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St. Louis Bridge

St. Louis Bridge

Primary Photographer(s): C. Hanchey, CC BY-NC 2.0, flickr.com/photos/21953562@N07/

Bridge Documented: May 25, 2015

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Key Facts

Location
St. Louis: Division 15, Saskatchewan: Canada
Structure Type
Metal 10 Panel Rivet-Connected Parker Through Truss, Fixed and Approach Spans: Metal 4 Panel Rivet-Connected Pratt Through Truss, Fixed
Construction Date and Builder / Engineer
1915 By Builder/Contractor: Canadian Bridge Company of Walkerville, Ontario

Technical Facts

Rehabilitation Date
Not Available or Not Applicable
Main Span Length
250 Feet (76 Meters)
Structure Length
1,250 Feet (381 Meters)
Roadway Width
Not Available
Spans
5 Main Span(s) and 1 Approach Span(s)
NBI Number
Not Applicable

Historic Significance Rating (HSR)

Bridge Documentation

This is the historic St. Louis (former Grand Trunk Pacific Railway) Bridge over the South Saskatchewan River in the Village of St. Louis, Saskatchewan. The bridge used to carry Highway 2 between St. Louis and the Rural Municipality of Prince Albert No. 461. It was closed when a new bridge opened in 2014. The bridge was built for the Grand Trunk Pacific Railway (GTPR) in 1915 by the Canadian Bridge Company. Canadian National Railway (CNR) assumed responsibility for the bridge in the 1920s. The bridge is 1,250 feet long with six through truss spans (two 200’ Parker through truss spans, three 250’ Parker through truss spans and one 100’ Pratt through truss span). The unusual, extremely show Pratt truss span, located in the middle of the bridge, was designed for a possible future navigational vertical lift span. The work would have included constructing towers on top of the adjacent Parker truss spans and attaching cables to the Pratt truss span. In 1928, cantilevered roadway decks were added onto the sides of the bridge to allow vehicular traffic. The bridge continued to carry CNR trains until 1983 when the rail line was abandoned. The bridge deck was then modified to carry highway traffic on the former rail bed.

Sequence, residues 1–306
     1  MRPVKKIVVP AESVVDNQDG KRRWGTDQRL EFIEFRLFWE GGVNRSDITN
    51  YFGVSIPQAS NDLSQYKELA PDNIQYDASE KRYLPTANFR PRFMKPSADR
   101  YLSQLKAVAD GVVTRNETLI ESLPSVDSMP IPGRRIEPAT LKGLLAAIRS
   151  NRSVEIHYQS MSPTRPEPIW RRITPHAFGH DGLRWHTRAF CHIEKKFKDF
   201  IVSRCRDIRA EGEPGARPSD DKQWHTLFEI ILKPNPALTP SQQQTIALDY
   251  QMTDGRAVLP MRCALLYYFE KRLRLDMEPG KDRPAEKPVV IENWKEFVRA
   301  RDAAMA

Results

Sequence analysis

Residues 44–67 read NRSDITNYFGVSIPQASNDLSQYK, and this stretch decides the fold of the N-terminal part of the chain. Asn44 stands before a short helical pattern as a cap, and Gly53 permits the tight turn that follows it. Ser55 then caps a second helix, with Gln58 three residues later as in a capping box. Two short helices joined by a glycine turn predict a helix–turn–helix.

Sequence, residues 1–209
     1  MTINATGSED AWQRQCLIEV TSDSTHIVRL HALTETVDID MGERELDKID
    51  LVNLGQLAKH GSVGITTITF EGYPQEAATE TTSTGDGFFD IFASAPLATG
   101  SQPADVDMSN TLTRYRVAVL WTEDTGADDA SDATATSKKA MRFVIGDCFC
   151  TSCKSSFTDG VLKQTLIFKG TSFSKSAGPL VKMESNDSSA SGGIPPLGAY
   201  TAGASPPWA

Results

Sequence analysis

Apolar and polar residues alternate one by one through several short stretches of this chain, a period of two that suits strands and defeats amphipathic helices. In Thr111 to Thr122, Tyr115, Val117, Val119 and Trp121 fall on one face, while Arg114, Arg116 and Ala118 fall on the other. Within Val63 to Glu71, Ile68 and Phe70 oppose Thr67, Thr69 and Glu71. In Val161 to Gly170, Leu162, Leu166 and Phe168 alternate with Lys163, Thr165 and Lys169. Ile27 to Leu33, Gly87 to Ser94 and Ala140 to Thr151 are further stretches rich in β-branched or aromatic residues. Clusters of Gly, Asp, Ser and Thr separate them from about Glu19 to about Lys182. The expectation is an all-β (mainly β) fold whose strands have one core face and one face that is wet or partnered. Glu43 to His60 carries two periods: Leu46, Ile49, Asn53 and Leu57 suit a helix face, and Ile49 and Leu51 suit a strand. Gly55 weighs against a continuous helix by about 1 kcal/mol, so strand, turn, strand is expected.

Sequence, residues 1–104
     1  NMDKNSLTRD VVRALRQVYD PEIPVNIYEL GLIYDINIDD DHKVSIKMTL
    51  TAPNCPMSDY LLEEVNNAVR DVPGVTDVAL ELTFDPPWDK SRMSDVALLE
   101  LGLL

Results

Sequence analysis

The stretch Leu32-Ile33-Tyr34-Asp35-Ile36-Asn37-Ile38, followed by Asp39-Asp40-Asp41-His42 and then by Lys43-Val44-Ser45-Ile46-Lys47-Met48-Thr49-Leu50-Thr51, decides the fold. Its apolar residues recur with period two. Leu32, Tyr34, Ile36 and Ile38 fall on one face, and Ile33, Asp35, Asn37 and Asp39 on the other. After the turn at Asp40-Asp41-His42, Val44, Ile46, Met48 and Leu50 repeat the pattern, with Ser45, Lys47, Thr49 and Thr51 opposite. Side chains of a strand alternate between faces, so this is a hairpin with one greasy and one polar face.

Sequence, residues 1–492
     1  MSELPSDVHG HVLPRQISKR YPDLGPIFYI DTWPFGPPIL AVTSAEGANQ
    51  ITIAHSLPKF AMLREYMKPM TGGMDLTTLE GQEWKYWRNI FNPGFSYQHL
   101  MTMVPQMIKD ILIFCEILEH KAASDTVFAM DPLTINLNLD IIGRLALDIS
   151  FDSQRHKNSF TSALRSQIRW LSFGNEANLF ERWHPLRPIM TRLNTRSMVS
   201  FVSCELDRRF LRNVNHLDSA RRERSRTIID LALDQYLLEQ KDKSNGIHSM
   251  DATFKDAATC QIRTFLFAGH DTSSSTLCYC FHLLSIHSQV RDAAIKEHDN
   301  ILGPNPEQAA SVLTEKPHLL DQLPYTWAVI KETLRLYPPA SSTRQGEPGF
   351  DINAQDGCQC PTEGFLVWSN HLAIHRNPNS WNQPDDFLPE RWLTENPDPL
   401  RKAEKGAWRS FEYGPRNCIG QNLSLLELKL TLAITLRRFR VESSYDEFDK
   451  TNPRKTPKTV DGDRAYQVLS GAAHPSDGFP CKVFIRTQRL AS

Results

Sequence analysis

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Photo Galleries and Videos: St. Louis Bridge

 
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Maps and Links: St. Louis Bridge

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